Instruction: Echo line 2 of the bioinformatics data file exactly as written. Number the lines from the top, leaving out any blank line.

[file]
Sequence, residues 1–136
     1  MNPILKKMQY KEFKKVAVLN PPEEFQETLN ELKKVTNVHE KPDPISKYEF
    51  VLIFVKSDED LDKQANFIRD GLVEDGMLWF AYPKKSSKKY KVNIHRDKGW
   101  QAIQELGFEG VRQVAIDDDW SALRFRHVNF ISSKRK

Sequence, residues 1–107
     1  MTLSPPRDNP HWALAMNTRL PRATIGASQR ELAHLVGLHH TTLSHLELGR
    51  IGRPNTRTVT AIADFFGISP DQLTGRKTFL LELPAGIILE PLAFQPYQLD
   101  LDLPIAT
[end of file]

     1  MNPILKKMQY KEFKKVAVLN PPEEFQETLN ELKKVTNVHE KPDPISKYEF